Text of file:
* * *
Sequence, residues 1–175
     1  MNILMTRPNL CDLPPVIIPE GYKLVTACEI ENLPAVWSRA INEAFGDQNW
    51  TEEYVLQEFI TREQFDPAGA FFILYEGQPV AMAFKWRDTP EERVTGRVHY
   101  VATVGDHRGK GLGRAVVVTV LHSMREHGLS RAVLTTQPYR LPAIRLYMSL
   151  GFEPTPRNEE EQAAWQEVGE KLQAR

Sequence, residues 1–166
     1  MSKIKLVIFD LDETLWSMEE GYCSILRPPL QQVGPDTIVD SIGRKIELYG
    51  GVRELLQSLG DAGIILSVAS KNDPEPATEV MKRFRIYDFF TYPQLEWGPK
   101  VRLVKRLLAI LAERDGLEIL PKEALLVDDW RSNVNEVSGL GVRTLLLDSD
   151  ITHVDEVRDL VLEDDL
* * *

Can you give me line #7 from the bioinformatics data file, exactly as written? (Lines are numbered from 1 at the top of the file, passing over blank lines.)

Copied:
     1  MSKIKLVIFD LDETLWSMEE GYCSILRPPL QQVGPDTIVD SIGRKIELYG